On 15 July 2015, the Commission proposed a new regulation on energy efficiency labelling as part of its summer energy package. The proposed regulation seeks to restore the A-G scale for energy labelling; create a mechanism for rescaling products that can accommodate further improvements in energy efficiency; establish a product database on energy efficiency; and introduce a safeguard procedure to improve national market surveillance. Detailed legislation on energy labelling of household appliances would subsequently be adopted in the form of delegated acts. While the proposal is supported by consumer and environmental groups, industry groups are concerned that a major change in energy labelling could have a negative impact on both producers and consumers, acting as a disincentive to greater energy efficiency. The Council adopted a general approach in November 2015. The Parliament approved a set of legislative amendments in July 2016. Several trilogue meetings were held at political and technical level in autumn 2016. Ongoing institutional dialogue to resolve the remaining areas of disagreement may see further trilogue negotiations. This briefing updates an earlier edition, of September 2016: PE 589.773.

Freshwater protection: EU policy and the status of freshwater systems

15-02-2017

Freshwater ecosystems are particularly rich in biodiversity and fulfil important ecosystem services. However, the continuing presence of pollutants still raises concerns for public health, as well as for nature conservation. Surface water bodies and groundwater alike are threatened by synthetic and also naturally occurring substances that can have a negative impact on the aquatic environment and on human health. Increased temperature and over-abstraction of water are further causes for concern. Meanwhile ...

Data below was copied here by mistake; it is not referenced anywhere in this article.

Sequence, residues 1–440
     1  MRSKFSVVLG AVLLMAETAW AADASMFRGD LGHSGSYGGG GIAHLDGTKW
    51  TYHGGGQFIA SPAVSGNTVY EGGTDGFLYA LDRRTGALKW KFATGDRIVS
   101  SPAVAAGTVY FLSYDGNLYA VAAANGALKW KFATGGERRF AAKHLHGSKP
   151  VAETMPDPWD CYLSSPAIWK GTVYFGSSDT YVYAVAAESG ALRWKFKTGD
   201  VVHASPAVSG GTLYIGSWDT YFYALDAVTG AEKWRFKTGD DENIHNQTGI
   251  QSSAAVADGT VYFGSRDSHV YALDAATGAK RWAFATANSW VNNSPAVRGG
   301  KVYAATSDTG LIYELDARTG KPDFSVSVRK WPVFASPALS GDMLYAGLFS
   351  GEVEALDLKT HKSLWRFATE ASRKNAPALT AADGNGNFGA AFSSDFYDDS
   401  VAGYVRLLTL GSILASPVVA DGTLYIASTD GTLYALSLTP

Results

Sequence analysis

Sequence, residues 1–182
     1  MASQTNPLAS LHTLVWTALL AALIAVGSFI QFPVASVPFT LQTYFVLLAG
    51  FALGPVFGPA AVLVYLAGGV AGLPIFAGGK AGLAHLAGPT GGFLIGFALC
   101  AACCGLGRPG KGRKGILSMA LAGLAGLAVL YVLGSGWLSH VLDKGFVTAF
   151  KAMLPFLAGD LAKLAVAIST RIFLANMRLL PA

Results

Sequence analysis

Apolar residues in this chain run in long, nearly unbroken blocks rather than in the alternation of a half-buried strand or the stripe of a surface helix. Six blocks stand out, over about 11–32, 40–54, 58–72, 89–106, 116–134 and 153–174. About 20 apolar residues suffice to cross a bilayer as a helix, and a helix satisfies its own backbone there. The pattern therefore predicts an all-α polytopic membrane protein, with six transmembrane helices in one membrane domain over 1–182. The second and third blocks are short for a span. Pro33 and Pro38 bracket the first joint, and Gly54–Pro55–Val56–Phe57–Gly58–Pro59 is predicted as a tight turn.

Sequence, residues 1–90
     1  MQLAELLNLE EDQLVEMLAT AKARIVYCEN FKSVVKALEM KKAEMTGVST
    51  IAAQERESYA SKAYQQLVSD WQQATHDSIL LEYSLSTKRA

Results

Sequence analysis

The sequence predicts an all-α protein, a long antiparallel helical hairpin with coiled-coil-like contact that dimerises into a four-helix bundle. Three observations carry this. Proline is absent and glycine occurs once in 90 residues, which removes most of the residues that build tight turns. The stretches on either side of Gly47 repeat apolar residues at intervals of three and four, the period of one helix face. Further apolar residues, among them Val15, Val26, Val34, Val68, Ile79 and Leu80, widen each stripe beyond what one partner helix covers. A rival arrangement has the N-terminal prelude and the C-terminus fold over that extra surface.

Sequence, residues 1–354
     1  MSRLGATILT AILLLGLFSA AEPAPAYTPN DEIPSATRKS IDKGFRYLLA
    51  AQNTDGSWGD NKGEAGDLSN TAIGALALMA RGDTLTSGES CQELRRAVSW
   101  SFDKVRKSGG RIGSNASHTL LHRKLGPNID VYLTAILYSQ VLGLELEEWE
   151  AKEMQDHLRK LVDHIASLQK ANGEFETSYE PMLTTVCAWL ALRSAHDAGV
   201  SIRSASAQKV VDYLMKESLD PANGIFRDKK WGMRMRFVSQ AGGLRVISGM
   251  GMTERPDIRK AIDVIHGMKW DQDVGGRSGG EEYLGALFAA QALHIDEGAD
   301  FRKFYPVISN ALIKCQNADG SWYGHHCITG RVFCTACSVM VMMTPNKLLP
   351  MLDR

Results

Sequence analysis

Freshwater ecosystems are particularly rich in biodiversity and fulfil important ecosystem services. However, the continuing presence of pollutants still raises concerns for public health, as well as for nature conservation. Surface water bodies and groundwater alike are threatened by synthetic and also naturally occurring substances that can have a negative impact on the aquatic environment and on human health. Increased temperature and over-abstraction of water are further causes for concern. Meanwhile, heavy modifications to the natural flow and physical changes to water bodies can also cause serious disturbances to water ecosystems. With the Water Framework Directive (WFD), the EU adopted comprehensive legislation for the protection of water within the EU. Under the directive, Member States are required to achieve good status in all bodies of surface water and groundwater by 2015, or 2027 at the latest. Unfortunately, despite considerable improvements in water quality, this goal was not achieved by the end of 2015 as hoped.

Avvenimenti fil-ġejjieni

27-02-2017
The state and development of the biomass of fish stocks managed by the CFP
Smigħ -
PECH
28-02-2017
The Third Reform of the Common European Asylum System - Up for the Challenge
Avveniment ieħor -
LIBE
28-02-2017
Workshop on the consequences of Brexit
Sessjoni ta' ħidma -
IMCO